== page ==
If you clarify the question and if it really is about chromatographic procedure, then we can have it re-opened.

To everyone who is blaming me (or a few set of users) for being autocratic, please note that this is your community as well. I am forced to use my discretion because there are excessively long review queues. This means that you have not been participating in the review process.

  • $\begingroup$ In essence, the question is asking for the proper term to describe a technique. It seems like that should be on-topic. Also, all of the review queues are empty for me. $\endgroup$ – canadianer Feb 25 '17 at 17:35

You're not alone in your amazement. To me, the most discouraging aspect of stack exchange is that many people care more about enforcing rules as they perceive them than answering questions. Unfortunately, it only takes 5 like-minded people or 1 moderator to close a question.

This question is about biology, specifically the interpretation of biological methods and the correct way to describe them. You could leave out any mention of the Russian language and translation and the question would be the same.

Also, the comment that this is better suited to Chemistry SE than Biology is incorrect. Chromatography is widely used in biology and the specific procedure described sounds like FPLC.

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    $\begingroup$ Totally agree. Furthermore (as I noted earlier in an apparently deleted comment), washing with alcohol may not only prevent microbial growth (although it will do that). In hydrophobic interaction chromatography (for example on phenyl-Sepharose), washing with a non-polar (protic) solvent such as (aqueous) 1-octanol may be used to regenerate the column by decreasing the hydrophobic effect. My bet is that this is part of what is going on. $\endgroup$ – user1136 Feb 24 '17 at 1:11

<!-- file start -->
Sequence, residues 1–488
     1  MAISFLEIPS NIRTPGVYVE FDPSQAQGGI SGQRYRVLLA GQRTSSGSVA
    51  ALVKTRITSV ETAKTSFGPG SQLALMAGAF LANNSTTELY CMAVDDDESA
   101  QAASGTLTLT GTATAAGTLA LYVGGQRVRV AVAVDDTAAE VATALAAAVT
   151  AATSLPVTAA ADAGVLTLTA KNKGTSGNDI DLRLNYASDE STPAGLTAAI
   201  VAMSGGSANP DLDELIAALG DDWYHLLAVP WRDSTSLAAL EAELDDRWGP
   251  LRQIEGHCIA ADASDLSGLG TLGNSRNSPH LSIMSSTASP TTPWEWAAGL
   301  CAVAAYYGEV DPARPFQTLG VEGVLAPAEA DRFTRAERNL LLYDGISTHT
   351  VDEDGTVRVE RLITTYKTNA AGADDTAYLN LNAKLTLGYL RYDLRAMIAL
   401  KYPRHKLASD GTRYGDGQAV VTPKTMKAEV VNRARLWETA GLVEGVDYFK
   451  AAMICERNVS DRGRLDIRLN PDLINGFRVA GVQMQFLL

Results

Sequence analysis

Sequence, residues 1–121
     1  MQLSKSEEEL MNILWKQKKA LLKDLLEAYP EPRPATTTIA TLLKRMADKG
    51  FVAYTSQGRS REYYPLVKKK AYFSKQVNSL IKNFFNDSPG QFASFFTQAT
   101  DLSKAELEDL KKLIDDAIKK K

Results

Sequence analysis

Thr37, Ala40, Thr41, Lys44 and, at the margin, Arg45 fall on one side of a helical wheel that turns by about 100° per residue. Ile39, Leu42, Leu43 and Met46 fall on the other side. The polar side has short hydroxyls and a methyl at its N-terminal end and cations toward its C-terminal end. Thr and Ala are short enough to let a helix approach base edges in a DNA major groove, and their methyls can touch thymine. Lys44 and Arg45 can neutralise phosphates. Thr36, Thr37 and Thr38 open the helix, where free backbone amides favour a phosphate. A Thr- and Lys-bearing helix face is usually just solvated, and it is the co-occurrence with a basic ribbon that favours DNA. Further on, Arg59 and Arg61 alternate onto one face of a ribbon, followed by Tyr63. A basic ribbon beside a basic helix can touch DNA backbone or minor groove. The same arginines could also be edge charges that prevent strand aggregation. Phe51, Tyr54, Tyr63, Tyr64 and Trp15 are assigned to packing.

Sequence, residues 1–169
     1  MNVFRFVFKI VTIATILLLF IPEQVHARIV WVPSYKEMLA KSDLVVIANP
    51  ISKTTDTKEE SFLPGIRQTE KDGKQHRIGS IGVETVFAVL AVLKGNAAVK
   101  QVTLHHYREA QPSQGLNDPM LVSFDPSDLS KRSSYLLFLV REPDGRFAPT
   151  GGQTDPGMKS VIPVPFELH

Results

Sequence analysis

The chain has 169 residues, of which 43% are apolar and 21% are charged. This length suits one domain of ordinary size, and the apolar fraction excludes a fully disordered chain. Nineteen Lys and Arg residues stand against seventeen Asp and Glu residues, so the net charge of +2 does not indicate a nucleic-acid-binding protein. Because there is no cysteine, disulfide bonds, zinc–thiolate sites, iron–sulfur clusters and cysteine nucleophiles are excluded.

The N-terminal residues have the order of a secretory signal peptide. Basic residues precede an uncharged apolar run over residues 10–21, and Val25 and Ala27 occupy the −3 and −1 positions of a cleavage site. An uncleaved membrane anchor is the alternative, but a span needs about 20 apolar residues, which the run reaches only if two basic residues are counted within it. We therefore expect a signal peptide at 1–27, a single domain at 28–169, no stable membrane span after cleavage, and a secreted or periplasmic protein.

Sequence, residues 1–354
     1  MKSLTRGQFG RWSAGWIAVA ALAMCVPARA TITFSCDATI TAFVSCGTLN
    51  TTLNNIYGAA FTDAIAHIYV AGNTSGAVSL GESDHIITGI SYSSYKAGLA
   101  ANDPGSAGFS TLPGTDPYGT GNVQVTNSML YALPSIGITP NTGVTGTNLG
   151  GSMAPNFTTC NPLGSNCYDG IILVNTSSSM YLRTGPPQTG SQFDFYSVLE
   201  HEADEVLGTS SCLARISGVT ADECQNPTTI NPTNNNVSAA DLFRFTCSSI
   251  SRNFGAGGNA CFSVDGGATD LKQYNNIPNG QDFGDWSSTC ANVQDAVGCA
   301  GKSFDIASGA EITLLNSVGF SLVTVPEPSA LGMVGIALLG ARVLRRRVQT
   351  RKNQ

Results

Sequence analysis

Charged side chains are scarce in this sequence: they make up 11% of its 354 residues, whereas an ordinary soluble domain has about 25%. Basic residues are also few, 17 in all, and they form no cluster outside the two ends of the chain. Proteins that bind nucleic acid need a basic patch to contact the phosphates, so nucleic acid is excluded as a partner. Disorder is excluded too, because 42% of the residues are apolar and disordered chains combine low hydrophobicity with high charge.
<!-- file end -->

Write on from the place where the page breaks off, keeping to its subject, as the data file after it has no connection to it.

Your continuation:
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    $\begingroup$ I agree in general that Biology SE tends to be rather quick to close questions. I feel that overall we should give the OP the benefit of doubt when questions are unclear or appear to be unrelated to biology. There should be some discussion in the commentary before migrating or closing, and the OP should have a chance to revise the question first. There is no hurry to get rid of questions. $\endgroup$ – Roland Feb 24 '17 at 7:20
  • $\begingroup$ Many people are enforcing their rules. Well, why don't you use your privilege to vote? How many review tasks have you done? $\endgroup$ – WYSIWYG Feb 25 '17 at 10:09
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    $\begingroup$ @WYSIWYG Of course I vote... $\endgroup$ – canadianer Feb 25 '17 at 17:26

The migration to Russian Language may be arguable, but the question does not belong on Biology.SE in my opinion.

I voted to close the question because it's about methodology and terminology used in chromatography to flush and store the column particle packing material. Although chromatography is a much applied technique in Biochemistry, I think basic questions on the terminology and methods to rinse and store column packing materials is a basic Chemistry question.

And for what it's worth, the mods did their best to migrate the question. At the time of migration there were already 4 regular votes in. Without a migration the question would've been put on hold at Bio. But yes, in my humble opinion migration to Chemistry.SE would've been more appropriate, but the mods may have had their motivations to not do this.